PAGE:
The Loneliness of a Long Distance Novelist

Earlier this year I read a couple of blogs, by author bloggers I follow and admire, about the dangers of Writer Burnout.  ‘If you normally write 1,000 words a day—and then suddenly notice you’ve written 10,000 words in three days—you might be on a slippery slope to burnout.‘I’ve slowed down a bit (phew) and have written another eleven thousand words.’  And while I have no doubt this could be a serious complaint, I won’t have been alone in my Oh, to have such problems reaction, as I despaired of ever finishing my novel.

I am a Long Distance Novelist in the sense that it takes me forever to write a novel. The trials of being a writer with a job and family responsibilities that have neatly shifted from the kids to the older generations. I started writing RIDING THE HIGH ROAD in 2009, still recovering from a severe nervous breakdown. After the focussed push to get WIRE ANGEL out (my first novel), I was going easy on myself. My progress was slow and intermittent, but when in late 2013 I was able to drop a day at work, I decided to step up and get the first draft finished. Life got more demanding again, but the revised version of this draft was presented to my writing group in July 2015. Most of the rest of last year was taken up with my terminally ill brother and the aftermath of his death in October.

But this year I was determined to press on to the end. As well as absorbing my writing group’s feedback, I set about working on the full back-stories of my four main characters. This approach worked for me with WIRE ANGEL: setting out the bones of the story in the first draft, making up the characters as I went along, then going back to work out how their lives had led them to where they were in the novel, and threading through the novel, once character at a time, giving them more depth, motivation and consistency of voice.

I don’t remember this taking SOOO long with WIRE ANGEL, but by this spring I was hopelessly lost in the life story of my artist lesbian mother character, the one I was finding most problematic. I wrote 18,000 words, clocking up 42 hours on my timesheet just for this task. It was already March and I hadn’t started trying to thread this material (or a small percentage of it!) through the novel, with three more main characters to go.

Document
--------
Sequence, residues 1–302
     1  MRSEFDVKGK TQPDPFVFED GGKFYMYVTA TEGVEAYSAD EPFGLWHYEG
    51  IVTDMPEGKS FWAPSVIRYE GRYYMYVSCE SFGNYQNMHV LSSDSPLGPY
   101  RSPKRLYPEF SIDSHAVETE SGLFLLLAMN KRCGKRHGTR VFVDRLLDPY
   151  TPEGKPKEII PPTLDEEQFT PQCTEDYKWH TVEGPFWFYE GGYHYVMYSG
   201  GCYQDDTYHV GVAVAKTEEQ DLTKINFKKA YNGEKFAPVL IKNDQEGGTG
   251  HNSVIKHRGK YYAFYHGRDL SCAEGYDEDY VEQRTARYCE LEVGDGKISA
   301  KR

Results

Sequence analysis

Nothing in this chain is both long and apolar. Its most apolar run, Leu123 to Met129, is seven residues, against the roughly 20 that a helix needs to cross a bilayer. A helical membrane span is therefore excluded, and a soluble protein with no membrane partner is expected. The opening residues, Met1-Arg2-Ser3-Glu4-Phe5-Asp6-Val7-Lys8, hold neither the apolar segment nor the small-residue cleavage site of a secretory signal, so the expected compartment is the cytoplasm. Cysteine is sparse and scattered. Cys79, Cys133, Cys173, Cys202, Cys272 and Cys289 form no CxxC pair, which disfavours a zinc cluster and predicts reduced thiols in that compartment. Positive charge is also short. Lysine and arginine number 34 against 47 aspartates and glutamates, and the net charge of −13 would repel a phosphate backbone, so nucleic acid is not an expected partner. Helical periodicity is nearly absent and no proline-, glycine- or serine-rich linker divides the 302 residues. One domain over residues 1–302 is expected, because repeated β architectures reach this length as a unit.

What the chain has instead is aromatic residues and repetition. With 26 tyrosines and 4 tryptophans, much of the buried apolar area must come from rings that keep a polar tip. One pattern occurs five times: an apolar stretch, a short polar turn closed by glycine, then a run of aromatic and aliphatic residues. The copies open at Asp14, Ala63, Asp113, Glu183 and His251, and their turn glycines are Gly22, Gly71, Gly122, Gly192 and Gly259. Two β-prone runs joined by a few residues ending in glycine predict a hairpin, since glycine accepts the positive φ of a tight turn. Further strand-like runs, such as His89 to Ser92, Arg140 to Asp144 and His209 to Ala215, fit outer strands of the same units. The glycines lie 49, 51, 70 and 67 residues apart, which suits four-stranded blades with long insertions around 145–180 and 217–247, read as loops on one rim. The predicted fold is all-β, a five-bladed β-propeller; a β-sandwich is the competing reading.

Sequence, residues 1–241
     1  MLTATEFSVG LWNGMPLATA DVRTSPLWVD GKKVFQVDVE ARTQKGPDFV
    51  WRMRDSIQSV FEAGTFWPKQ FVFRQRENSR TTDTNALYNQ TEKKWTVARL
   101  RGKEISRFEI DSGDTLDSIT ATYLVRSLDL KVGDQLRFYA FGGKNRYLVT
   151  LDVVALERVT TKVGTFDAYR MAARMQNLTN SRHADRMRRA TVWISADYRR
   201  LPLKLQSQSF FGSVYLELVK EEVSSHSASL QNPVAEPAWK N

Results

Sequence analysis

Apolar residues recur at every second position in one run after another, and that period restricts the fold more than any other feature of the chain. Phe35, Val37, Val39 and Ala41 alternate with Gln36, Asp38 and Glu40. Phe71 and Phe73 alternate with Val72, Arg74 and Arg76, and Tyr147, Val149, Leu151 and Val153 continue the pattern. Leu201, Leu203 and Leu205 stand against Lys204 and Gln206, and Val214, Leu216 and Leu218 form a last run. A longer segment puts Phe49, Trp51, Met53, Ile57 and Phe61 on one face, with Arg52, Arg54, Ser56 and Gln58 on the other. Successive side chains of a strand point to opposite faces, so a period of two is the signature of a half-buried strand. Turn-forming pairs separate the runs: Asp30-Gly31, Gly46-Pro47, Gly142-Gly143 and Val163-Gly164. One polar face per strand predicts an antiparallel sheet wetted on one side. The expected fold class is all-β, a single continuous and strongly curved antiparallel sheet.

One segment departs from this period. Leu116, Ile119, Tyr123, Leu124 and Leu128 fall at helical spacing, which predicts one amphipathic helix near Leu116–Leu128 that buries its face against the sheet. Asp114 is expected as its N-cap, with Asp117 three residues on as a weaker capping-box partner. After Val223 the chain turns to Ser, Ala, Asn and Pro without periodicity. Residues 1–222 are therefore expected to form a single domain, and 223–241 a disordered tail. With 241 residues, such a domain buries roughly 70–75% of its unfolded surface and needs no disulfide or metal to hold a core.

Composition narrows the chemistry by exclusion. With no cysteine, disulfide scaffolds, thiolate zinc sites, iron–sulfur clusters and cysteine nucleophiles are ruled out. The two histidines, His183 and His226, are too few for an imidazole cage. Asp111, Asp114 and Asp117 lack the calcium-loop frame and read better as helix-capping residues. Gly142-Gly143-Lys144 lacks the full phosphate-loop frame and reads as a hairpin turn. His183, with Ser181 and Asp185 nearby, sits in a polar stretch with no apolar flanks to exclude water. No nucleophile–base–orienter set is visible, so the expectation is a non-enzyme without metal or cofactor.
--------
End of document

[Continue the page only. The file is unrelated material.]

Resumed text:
There followed an Existential Crisis: Why the hell am I doing this? I’m bored stupid with this story that no longer preoccupies me. Why would anyone want to read it?

WIRE ANGEL took close on five years and at least attracted an agent. I have posted extracts online, made copies of the manuscript available for people interested in reading it. This one has taken longer already and this spring it felt nowhere near finished. I think of all the time and energy spent writing one and a half novels. I could have been having a nice time, earning more, both?

In the end it’s stubbornness that keeps me going: what I’ve written isn’t so bad, I’ve come this far, it’s a waste of all that effort not to finish. My impatience wins through as I pick myself up, dust myself down, and remind myself I can’t be the only writer unable to dedicate herself full time to the churning out of books, who battles with constant broken resolutions and empty timesheets, but somehow can’t, won’t, give it up. Writing is engrained in who I am, and it only takes feedback such as that from an old work colleague – who told me WIRE ANGEL was a book she had very much needed to read -to give me reason to carry on. If I can give one person that feeling of connection across the abyss that I experience reading novels I love, then that is motivation enough.

And now, a year since my last blog, I can report that persistence is starting to pay. This morning I felt a little surge of excitement as I opened my Complete Draft 2 document, to spend half an hour putting the finishing touches to the threading through of all four main character stories. Now I just need to work through the secondary and minor characters, which shouldn’t take long (famous last words?). Then it’s just a case of checking through some of the factual detail about motorbikes, art and the Scottish referendum campaign that provide the context for my story. I should be ready for the fine edit early next year and my aim to have it completed by Easter suddenly feels doable. I wouldn’t say I was exactly hitting Writers’ Burnout, but the shorter the distance to the end the greater the momentum and motivation.

This novel will be read! Watch this space!

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3 thoughts on “The Loneliness of a Long Distance Novelist

  1. I just discovered your Blogs, and felt inclined to say that I applaud you and your ability to write novels at all. I am no seasoned writer, though I do enjoy using writing as an outlet. However, I am certain I could never get through writing a novel! So, while it may take you years to get through it, your ability to finish is impressive enough!

    • pennyfrances says:

      Thank you for your encouragement. It’s always good to get some response when you put these missives out into the internet ether. Good luck with your blog too. Penny

  2. […] have been times when I have despaired of ever finishing (see my blog The Loneliness of a Long Distance Novelist).  Would I even have started this novel if I’d know it’d take so long? But my stubborn […]

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